While visiting my sister, Theresa, in Texas just before Thanksgiving, I prepared art for 12 paintings, each 10 x 10 inches, sketching them on Crescent watercolor board. I chose this size because I’d found a source for the gallery frames. They came with plexiglass, which I’m just tossing and will use acrylic mediums to protect the art.

2 Iris, 2 Zinnia, 2 Trillium, 2 Rhododendron, 2 Peony, and 2 Lily — to make an even dozen.

I decided to record my process as I painted the first two, and make step-by-step lesson plans from the notes and photographs. Theresa was thinking about a large Iris painting for her house, so I started with the Iris.

Here is a finished painting…

And the second one, which is the one I’ll be working with…

       The step-by-step lesson plan…                                                                      Framed art……….

The IRIS photo was then a useful tool, using Photoshop and another photo of my sister’s wall to create a virtual image of what the painting would look like, true to size, if it were painted 50 x 40 inches. The “small” painting in the before photo is actually a full sized sheet of watercolor paper.

Notice the changes in the after photo from the iris painting above… dark background and vertical crop. When light/dark values are determined during preliminary work, it’s much more likely that a painting will be successful. Considering the painting time invested with a large piece, both thumbnail sketches and small study paintings are well worth the effort.

        BEFORE                                                                             AFTER

I’m pulling art out of drawers and sorting. In taking another look, I often see room for improvement. It’s so easy to get the brushes wet and rework them. The results are usually worth the effort.

Having a good supply of wood cradled panels, I’ve been playing around with displaying some of my art on them. First I started painting the panels with acrylics to match the art. Here’s an example of a dark burgundy frame with a lily, painted watercolor on paper before attaching to the cradle.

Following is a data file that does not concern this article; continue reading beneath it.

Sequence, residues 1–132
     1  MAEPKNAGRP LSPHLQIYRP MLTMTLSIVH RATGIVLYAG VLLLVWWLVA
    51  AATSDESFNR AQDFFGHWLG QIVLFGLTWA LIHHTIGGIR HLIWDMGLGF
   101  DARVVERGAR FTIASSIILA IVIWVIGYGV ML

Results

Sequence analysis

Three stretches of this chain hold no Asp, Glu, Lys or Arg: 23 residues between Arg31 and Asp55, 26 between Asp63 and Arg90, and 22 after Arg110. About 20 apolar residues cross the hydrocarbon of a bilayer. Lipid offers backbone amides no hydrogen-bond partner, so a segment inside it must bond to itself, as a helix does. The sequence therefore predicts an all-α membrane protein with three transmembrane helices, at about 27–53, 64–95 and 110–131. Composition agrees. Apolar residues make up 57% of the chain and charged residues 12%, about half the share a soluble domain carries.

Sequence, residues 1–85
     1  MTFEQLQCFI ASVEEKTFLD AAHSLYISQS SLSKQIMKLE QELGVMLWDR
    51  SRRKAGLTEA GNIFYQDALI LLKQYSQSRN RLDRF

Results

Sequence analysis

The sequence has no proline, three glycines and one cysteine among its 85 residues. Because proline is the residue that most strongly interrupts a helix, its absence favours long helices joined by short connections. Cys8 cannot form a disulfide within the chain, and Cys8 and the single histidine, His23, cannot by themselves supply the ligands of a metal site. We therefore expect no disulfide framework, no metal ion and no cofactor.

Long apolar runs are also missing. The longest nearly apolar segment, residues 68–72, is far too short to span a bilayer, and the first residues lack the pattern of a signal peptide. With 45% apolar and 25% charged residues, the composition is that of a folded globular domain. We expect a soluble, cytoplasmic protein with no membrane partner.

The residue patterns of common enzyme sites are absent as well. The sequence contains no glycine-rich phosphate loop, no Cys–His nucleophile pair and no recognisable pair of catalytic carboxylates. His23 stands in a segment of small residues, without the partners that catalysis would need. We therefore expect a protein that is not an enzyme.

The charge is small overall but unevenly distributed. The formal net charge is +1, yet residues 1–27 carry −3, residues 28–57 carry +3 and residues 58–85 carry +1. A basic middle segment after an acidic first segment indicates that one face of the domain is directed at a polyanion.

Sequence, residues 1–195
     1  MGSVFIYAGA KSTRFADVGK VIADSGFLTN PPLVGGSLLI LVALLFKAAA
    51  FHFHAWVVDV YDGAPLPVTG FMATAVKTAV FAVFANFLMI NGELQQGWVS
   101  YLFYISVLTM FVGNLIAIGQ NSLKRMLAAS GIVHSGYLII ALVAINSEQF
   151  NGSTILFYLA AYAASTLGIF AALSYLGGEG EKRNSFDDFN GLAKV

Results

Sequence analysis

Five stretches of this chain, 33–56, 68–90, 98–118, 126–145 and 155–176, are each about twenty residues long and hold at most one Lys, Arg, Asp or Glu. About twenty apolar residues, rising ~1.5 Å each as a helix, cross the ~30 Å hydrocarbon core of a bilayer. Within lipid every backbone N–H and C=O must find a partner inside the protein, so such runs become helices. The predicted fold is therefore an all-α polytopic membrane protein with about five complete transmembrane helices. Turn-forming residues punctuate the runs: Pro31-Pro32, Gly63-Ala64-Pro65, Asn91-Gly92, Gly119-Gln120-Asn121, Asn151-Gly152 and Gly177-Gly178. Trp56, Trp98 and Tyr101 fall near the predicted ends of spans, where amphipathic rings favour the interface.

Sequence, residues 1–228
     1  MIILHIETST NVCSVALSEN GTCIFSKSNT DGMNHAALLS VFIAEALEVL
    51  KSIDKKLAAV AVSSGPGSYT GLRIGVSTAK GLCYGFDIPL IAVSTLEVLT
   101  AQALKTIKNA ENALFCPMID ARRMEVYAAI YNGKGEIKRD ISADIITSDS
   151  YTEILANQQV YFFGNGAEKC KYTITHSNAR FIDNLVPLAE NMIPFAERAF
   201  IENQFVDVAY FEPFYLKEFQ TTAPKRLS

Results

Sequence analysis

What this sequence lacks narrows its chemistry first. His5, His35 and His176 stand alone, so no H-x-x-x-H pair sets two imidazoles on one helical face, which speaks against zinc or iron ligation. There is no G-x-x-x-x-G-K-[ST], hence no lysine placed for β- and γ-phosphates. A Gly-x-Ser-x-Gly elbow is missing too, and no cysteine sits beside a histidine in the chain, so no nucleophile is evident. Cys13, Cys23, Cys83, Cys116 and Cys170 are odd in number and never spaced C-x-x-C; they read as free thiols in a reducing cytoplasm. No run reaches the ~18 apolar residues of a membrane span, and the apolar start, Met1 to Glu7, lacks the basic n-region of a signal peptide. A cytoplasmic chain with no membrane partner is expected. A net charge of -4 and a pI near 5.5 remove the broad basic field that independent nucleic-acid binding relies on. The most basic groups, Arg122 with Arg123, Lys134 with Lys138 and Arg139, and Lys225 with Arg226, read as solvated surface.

Soon I realized that for a cohesive look, painting all the cradles black is the way to go. Here is an example of that, using paintings of birds. Notice the art does not reach to the
edges. Instead, I’ve left a mat-like perimeter of the front face showing.
It is a good look for displaying several pieces closely
together. This treatment is great for hanging a show.


This Preening Crane I originally painted vertically for the John Scharff Migratory Bird festival, 11 x 17 inches. Then I painted it again, cropped, on Aquabord, 24 x 24 inches. This version is smaller, and horizontal. It’s fun to see how a good composition can sometimes work well more than one way. While each has it’s own character, I am pleased with all three formats. On this one I’ve left a mat-like edge of white paper, along with the black face of the cradle.


This sweet bunny is painted by Lorraine
Bushek, a Portland artist who is also a good friend. It is oil on Gessobord, then attached to a
wood panel to frame it. You can see why Lorraine’s work is in such high demand. I traded this piece for one of mine — Bleeding Hearts.